*Anyone who’s been an alliance captain before already knows the confusion and heartburn of figuring out timeout and back-up coupon timings.

Video review in sports has been anything but a panacea, and they have countless more camera angles and video analysis tools than will be at the disposal of referees in FRC.

Dear Patrick

(and Dear Others that think a team got robbed of a victory)

Thanks for posting and a bigger thanks for you volunteering to help out at the next two events. Your help will be deeply appreciated.

Video replay / electronic scoring isn’t what you think it is. NASCAR races at ~30 tracks and has spent millions on putting sensors into the tracks to mark the position of the cars. MLB / NFL with their limited number of stadiums has spent millions of dollars along with more millions by FOX/NBC/CBS/ABC/ESPN on video technology to be able to manage video replays.

I’m super pleased that you’ve decided to dedicate you next two years to doing this work for FIRST and I’m super excited to listen to your announcement on the partner dollars you’ve signed up to contribute, your new TV funded dollars and how that charging people to come watch the event to also help fund this will work out. Or that you hit Powerball to pay for all of this and are donating the proceeds.

I’m hoping that a referee reaches out to you and has you come stand next to them on the field. One would think, from sitting in the stands, that being a referee is a piece of cake. In reality down on the field it’s overly bright, it’s noisy, it’s a huge amount to watch.

Other than being the Volunteer Coordinator, there is no worse job in FIRST than being a referee. There isn’t any upside since you are not getting paid, the pizza was pretty bad (cheese only really?) , and frankly you have a closet full of robot shirts. And I’m calling BS on that “Vertical Stripes are slimming”

Other than you are out there making a difference, making an effort to improve the world. Giving up your only non-replaceable thing in your life, time, to help other people.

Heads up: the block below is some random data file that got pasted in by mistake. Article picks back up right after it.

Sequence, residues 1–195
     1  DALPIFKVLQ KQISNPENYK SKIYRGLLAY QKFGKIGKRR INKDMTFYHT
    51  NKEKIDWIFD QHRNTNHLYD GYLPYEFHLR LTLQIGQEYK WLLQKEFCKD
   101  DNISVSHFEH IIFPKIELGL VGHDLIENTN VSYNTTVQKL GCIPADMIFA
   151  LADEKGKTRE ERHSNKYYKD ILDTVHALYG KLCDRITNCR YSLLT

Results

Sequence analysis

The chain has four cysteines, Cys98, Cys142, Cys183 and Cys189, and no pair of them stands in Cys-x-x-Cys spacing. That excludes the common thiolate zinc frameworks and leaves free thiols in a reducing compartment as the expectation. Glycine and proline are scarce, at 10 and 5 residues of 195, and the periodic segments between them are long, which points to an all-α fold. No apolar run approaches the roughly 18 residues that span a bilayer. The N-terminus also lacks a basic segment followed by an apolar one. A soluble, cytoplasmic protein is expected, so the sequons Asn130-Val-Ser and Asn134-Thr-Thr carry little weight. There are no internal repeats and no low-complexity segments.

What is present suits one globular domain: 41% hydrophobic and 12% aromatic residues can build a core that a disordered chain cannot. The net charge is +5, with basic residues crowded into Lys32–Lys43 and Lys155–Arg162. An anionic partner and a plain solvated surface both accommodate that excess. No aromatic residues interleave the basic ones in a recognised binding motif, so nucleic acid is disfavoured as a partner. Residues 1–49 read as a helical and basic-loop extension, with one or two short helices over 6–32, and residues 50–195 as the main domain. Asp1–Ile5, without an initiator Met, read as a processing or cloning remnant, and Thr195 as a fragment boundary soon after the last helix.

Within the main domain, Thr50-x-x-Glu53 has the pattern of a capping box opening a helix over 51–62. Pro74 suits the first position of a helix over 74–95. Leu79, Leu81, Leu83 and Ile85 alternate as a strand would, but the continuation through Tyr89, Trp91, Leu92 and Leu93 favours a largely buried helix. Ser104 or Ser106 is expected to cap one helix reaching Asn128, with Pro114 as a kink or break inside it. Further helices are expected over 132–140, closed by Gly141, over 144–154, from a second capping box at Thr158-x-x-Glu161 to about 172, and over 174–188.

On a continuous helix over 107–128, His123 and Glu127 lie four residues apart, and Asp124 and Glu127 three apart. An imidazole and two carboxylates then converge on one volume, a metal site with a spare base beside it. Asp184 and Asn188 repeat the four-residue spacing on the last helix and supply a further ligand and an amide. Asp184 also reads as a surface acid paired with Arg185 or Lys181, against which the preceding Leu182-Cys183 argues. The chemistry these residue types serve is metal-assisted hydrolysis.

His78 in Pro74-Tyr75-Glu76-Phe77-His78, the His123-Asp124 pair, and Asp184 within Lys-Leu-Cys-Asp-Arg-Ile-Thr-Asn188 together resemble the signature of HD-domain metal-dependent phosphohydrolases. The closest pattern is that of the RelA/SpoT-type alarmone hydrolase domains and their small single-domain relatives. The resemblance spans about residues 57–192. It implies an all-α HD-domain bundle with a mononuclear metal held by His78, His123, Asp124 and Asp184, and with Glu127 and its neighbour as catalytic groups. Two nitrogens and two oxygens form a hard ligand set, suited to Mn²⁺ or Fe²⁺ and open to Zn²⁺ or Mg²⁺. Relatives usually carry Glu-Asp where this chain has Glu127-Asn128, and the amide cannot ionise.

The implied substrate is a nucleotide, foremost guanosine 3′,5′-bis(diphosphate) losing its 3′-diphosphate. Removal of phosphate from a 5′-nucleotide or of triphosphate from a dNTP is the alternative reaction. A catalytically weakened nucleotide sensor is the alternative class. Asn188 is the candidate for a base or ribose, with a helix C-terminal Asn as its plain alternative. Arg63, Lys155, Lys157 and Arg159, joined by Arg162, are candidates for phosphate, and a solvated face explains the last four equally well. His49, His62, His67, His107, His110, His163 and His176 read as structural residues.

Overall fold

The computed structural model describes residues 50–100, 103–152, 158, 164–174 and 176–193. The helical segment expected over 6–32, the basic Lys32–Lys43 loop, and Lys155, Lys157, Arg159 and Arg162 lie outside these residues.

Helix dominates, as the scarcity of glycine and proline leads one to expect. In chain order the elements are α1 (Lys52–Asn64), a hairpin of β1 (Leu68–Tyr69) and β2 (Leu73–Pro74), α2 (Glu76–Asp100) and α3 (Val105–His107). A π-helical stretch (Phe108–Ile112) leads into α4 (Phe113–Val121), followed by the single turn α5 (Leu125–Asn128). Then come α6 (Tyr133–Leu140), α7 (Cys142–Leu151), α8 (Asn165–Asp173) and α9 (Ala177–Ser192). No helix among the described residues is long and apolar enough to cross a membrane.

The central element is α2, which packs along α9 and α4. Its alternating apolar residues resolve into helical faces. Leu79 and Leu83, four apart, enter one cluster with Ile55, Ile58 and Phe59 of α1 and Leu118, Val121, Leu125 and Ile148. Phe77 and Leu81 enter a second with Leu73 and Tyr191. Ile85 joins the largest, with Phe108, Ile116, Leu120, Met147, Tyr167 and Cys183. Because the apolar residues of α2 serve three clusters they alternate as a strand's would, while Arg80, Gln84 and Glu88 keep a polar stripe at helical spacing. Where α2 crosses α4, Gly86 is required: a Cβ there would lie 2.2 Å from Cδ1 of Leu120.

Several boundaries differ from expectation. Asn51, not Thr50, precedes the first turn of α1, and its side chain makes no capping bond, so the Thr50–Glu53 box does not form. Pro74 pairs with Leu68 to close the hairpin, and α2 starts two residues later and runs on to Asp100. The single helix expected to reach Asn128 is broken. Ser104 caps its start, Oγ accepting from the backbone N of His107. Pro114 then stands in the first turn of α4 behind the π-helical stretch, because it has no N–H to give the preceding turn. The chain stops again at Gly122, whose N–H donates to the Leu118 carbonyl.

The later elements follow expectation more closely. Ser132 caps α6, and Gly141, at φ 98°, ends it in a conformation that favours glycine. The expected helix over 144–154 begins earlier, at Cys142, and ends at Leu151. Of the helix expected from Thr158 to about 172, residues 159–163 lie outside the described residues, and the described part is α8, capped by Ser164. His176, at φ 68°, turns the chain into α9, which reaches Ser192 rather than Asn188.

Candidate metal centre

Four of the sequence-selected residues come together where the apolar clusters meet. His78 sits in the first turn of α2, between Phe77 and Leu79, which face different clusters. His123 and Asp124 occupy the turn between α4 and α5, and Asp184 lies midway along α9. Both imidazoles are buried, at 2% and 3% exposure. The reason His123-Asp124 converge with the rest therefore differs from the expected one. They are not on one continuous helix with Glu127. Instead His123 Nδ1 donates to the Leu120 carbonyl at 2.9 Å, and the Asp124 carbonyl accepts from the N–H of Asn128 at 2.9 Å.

To find out that they are ungrateful, condescending, and mocking your efforts to help them.

But, since you’ve signed up to be one of them at the next two events, I look forward to your post in 4 weeks to see how your world view has changed. Welcome to the world of being a volunteer!

Warmest personal regards,

(Why yes, that was filled full of snark and sarcasm. Make sure you send me your VIMS number on how many events you are helping at when you send your complaint mail).

Edited to add: So I posted right after the post came up. I type slow and try to proofread, so I’m now number 6 behind an edited post. ]]

Here’s where I start to get rustled.

A simple overhead view of the field can be used to solve all disputes in FRC.
There is very little room to argue with this. FIRST could implement the system themselves as its not that complicated of a system to put in place.

As to who’s video? Obviously the only video that would be reviewed would be from FIRST’s own camera system. There would be no 3rd party camera footage viewing allowed, similarly to how things are now.

This isn’t sports. In FRC the game pieces are simple, the rules are simple, and the problem is no where as complicated as you think it is.

My perspective: I’ve been a Head Ref for FTC events for several years now.

I call BS.

A simple overhead camera? I’m assuming you mean similar to the fisheye cameras used by FiM/MAR/Indiana. Because if you mean a true overhead camera, that’s simply not a realistic option at the vast majority of FRC venues (and certainly not an option without additional rigging costs on the venue side). And if you mean some other static camera (or even a true overhead), there are still plenty of disputes that will not be able to solve. Was a robot’s wheel touching the outerworks at the end of autonomous, or just their bumper overhanging? Did their mechanism extend more than 15" beyond the frame perimeter? Did their robot fully stop contacting the drawbridge door momentarily? What was the game clock at that second during the overhead view? Heck, I’m watching the Tippecanoe stream right now, and there are still quite literal blind spots behind easy drawbridge/portcullis (as well as smaller ones behind the towers). No single camera is going to solve all FRC disputes.

Nor did you address any of the other questions I raised.